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Illustration: Sarah Grillo/Axios

Promising technology that aims to prevent cars from crashing would be "severely impaired" by interference from a WiFi hotspot, says Ford Motor Co., which is urging the Federal Communications Commission not to reallocate a chunk of radio spectrum reserved for vehicle safety.

Why it matters: Interference from a WiFi signal that might keep children occupied with video games in the back seat could potentially delay the delivery of a basic safety message to their parent's car at precisely the moment it's needed.

The big picture: In order to meet growing demand for WiFi service, the FCC wants to reallocate a portion of the 5.9 GHz band set aside in 1999 for vehicle-to-vehicle (V2V) communication.

  • Its proposal would take 45 of the 75 MHz frequencies of so-called "safety spectrum" for WiFi, leaving 30 MHz for connected cars.
  • That 30 MHz would be further divided between an older V2V technology called dedicated short range communication (DSRC) that a few automakers are using, and newer cellular vehicle-to-everything (C-V2X), which Ford and others support.

What's happening: In comments filed Monday on the FCC's proposed rule-making, Ford included test results of real-world scenarios to argue against the spectrum-sharing.

  • Ford selected an accident-prone intersection in Ann Arbor, Michigan, and then ran field and lab tests to show what effect a WiFi device operating on the contested frequencies would have on the car's ability to receive safety-critical messages.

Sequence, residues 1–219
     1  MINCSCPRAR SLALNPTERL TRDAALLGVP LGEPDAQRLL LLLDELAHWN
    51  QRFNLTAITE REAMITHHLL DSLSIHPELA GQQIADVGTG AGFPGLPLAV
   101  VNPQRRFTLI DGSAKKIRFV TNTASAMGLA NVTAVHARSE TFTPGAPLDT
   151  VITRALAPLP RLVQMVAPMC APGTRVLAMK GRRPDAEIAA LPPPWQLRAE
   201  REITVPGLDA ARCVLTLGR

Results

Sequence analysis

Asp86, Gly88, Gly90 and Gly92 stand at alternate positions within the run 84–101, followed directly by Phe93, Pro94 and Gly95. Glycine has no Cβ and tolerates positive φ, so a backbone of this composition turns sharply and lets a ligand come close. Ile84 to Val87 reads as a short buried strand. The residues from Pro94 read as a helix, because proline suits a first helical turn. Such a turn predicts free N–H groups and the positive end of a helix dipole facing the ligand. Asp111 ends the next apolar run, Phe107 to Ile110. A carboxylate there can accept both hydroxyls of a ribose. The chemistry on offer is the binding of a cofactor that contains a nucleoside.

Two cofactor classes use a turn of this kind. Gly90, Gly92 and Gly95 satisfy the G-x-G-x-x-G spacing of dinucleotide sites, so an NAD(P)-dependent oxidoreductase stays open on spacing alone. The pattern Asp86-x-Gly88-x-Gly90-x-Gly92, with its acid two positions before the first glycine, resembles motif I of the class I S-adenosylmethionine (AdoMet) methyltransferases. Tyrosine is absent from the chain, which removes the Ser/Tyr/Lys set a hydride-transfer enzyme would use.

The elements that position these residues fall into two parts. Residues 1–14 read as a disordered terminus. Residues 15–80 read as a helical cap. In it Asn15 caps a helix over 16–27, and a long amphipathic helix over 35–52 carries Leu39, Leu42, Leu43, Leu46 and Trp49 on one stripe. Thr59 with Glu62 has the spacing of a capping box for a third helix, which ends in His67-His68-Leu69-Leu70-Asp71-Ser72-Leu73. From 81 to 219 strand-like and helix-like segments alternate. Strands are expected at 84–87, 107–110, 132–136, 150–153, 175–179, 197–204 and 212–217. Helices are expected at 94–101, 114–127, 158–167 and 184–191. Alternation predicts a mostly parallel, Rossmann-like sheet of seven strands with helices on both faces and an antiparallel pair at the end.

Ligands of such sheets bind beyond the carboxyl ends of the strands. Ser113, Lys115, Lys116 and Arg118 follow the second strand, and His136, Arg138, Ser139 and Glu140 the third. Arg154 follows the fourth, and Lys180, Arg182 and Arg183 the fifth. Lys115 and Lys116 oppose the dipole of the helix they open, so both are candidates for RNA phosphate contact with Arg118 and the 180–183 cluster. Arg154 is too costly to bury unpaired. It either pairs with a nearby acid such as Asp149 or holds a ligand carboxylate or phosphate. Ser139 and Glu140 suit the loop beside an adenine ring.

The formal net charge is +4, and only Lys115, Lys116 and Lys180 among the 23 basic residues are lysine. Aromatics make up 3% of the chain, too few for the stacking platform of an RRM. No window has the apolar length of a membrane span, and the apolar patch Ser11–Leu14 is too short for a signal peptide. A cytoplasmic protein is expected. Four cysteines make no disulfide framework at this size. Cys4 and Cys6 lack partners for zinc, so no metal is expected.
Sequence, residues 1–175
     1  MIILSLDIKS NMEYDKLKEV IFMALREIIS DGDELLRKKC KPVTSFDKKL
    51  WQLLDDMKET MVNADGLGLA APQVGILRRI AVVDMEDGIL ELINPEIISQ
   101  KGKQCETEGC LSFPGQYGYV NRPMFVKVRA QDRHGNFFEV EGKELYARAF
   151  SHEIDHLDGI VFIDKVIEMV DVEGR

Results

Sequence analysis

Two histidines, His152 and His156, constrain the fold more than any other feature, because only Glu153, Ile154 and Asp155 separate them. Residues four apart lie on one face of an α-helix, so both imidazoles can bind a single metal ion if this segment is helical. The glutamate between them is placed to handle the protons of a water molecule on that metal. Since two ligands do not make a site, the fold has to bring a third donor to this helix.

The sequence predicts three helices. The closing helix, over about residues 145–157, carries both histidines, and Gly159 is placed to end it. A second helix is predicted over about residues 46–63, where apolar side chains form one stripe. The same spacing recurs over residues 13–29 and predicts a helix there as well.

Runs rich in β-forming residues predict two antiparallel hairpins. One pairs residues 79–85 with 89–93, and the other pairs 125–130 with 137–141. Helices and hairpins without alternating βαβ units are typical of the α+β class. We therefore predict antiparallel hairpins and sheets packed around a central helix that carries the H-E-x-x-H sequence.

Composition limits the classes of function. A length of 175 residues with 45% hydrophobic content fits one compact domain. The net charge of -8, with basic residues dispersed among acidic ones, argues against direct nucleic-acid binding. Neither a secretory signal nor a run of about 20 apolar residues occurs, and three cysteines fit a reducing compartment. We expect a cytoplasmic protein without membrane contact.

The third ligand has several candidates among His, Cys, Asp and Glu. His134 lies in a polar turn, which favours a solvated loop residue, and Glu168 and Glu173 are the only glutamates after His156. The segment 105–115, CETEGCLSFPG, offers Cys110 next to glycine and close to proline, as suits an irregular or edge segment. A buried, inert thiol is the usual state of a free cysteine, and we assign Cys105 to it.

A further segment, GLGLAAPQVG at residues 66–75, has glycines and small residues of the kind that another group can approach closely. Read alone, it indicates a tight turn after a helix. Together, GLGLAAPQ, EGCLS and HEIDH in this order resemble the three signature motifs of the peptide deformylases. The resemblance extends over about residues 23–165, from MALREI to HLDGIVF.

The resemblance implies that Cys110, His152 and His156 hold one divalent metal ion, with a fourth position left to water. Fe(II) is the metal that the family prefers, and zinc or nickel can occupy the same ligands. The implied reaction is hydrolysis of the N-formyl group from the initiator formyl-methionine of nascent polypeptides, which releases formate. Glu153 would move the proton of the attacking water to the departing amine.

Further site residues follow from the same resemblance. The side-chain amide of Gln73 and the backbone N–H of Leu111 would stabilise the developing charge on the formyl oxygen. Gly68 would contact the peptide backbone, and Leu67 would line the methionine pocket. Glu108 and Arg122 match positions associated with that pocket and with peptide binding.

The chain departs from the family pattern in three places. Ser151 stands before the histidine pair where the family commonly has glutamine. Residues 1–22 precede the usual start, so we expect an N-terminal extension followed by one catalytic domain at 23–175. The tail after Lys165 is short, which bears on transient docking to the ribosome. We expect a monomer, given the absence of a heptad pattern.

What they found: WiFi interference caused an "unacceptable outage of critical basic safety message communications preventing the C-V2X system from performing as intended."

  • "The fact of the matter is there’s just a lot of leakage outside the bands they’re operating in," Don Butler, Ford's executive director for connected vehicles and services, told reporters.
  • Ford said the FCC should also ensure there's enough buffer in the spectrum to support future autonomous vehicles and to eventually transition to 5G technology.

Editor's note: This piece was clarified to reflect that all of the 5.9 GHz band is in use for auto safety.

Go deeper

Updated 2 hours ago - Politics & Policy

Coronavirus dashboard

Illustration: Sarah Grillo/Axios

  1. Health: WHO: AstraZeneca vaccine must be evaluated on "more than a press release."
  2. Politics: McConnell temporarily halts in-person lunches for GOP caucus.
  3. Economy: Safety nets to disappear in DecemberAmazon hires 1,400 workers a day throughout pandemic.
  4. Education: U.S. public school enrollment drops as pandemic persists.
  5. Cities: Surge in cases forces San Francisco to impose curfew — Los Angeles County issues stay-at-home order, limits gatherings.
  6. Sports: NFL bans in-person team activities Monday, Tuesday due to COVID-19 surge — NBA announces new coronavirus protocols.
  7. World: London police arrest more than 150 during anti-lockdown protests — Thailand, Philippines sign deal with AstraZeneca for vaccine.

Tony Hsieh, longtime Zappos CEO, dies at 46

Tony Hsieh. Photo: FilmMagic/FilmMagic

Tony Hsieh, the longtime ex-chief executive of Zappos, died on Friday after being injured in a house fire, his lawyer told the Las Vegas Review-Journal. He was 46.

The big picture: Hsieh was known for his unique approach to management, and following the 2008 recession his ongoing investment and efforts to revitalize the downtown Las Vegas area.

Dan Primack, author of Pro Rata
15 hours ago - Economy & Business

The unicorn stampede is coming

Illustration: Annelise Capossela/Axios

Airbnb and DoorDash plan to go public in the next few weeks, capping off a very busy year for IPOs.

What's next: You ain't seen nothing yet.

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